Foley writes to “Lon,” not “the monster,” making him a warm blooded, recognizable man to us, a neighbor. He is not an “other,” to be ostracized. Foley relates to what triggers his fear, his impulsivity. Is he not just like us? Trapped in a body filled with short comings, prisoner to confusing emotions? Foley writes to these monsters but it is apparent she is writing to us— the readers, the general populace, or dare I say, “the villagers.”

The villagers and their mob mentality, always play such a huge roll in any horror film or slasher flick. Don’t we all remember some version of “villagers?” the angry mob chasing the monster or beast down an alleyway or up a steep mountain pass? There is even a mob in the children’s movie Beauty and the Beast, rallied out of their minds, out to slay the beast, when viewers quickly realize that unchecked rage and hysterics are the true monster, desperate to take the reins.

Villagers get such a bad rap, running around with their pitch forks, demanding payment in blood. Foley addresses them a few times in this collection, sometimes as a task master, often in a forgiving tone. In the poem “Dear Villagers,” Foley writes:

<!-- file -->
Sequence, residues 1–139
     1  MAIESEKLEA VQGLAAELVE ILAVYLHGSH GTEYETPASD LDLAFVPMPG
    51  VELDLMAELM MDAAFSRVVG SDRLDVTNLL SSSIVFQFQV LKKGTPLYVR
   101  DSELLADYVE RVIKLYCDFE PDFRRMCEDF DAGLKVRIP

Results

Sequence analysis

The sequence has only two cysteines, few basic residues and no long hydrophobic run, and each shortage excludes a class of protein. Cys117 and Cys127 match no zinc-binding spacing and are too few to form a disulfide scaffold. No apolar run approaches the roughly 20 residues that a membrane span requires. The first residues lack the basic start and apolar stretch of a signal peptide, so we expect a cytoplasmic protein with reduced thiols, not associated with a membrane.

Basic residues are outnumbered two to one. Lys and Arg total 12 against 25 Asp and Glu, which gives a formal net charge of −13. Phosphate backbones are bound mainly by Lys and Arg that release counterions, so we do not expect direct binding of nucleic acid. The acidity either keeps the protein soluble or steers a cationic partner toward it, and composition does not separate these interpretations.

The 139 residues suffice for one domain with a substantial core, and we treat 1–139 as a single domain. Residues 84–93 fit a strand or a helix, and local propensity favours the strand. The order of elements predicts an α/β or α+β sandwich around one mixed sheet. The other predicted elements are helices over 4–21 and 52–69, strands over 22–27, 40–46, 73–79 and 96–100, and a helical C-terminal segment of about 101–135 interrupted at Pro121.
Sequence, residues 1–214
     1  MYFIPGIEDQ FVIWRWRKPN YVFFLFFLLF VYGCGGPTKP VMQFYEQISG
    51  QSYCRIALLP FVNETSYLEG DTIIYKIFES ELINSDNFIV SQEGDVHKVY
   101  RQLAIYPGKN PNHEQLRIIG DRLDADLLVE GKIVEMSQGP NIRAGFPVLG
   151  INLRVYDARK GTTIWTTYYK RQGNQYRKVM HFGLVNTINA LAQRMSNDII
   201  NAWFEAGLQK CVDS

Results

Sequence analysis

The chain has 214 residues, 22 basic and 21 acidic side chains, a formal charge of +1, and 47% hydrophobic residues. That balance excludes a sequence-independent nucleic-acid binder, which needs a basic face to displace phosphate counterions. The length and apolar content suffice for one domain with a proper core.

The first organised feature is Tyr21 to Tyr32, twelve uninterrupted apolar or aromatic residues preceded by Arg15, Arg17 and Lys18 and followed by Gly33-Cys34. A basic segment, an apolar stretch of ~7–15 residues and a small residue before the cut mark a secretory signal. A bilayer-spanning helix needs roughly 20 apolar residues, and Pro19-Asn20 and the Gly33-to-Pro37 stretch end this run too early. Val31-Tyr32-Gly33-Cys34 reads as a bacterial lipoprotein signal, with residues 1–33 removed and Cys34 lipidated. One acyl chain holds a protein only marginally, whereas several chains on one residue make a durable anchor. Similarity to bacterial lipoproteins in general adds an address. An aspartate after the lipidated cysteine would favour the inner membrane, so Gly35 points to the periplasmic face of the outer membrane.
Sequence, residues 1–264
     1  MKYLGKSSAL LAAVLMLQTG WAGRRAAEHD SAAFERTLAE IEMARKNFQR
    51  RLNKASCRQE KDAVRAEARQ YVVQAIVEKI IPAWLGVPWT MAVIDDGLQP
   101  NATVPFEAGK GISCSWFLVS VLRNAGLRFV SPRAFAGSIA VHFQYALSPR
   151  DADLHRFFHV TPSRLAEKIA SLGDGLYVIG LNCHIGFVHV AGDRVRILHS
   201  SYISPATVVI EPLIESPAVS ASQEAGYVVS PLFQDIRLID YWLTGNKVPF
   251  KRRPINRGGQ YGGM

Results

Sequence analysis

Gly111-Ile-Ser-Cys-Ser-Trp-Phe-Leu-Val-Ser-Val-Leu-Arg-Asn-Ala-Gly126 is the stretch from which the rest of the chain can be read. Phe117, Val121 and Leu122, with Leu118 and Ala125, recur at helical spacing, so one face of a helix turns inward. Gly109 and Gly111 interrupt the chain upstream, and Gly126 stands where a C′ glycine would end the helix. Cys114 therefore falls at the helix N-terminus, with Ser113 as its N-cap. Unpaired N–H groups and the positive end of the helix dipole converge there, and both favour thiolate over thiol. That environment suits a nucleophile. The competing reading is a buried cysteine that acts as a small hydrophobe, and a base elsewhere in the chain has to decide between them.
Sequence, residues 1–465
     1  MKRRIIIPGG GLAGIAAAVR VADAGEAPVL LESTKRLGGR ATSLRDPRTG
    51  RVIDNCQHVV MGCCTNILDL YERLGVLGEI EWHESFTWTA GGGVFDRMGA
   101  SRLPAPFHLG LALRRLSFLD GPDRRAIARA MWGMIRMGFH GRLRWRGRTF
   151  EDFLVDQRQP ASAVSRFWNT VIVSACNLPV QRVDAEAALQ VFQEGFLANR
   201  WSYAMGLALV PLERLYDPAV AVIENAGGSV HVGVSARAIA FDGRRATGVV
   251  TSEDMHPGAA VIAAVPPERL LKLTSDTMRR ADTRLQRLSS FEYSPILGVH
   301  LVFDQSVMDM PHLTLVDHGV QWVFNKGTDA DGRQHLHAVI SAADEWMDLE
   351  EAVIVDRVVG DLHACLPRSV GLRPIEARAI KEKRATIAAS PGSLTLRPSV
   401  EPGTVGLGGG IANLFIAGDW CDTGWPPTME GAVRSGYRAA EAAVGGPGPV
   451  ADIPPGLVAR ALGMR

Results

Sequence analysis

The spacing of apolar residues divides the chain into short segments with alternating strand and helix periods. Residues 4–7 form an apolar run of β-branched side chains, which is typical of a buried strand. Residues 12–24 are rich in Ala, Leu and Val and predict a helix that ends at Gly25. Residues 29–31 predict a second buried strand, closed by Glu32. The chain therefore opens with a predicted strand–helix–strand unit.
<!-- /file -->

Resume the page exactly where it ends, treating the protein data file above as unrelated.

“You have become an easy target –igniting
the black with torches and bonfires,
out-crying any victims, shouting down

the monsters as if enough commotion could
bring you peace –but stand a moment and
listen now that a cloud as slipped over

the betraying moon: the child is already dead,
the woman lost…”

Foley’s gentle words calm the frenzied mob. She asks them to take a breath, don’t give in to the impulses of hatred and violence. The “breath” is the “interrupter” that we all need before rash, destructive behavior. She also scolds them in her description of their “roach scuttle” home- they are just little bugs that perhaps have power in numbers, but take one away from the mass and one bug can be squashed quite easily.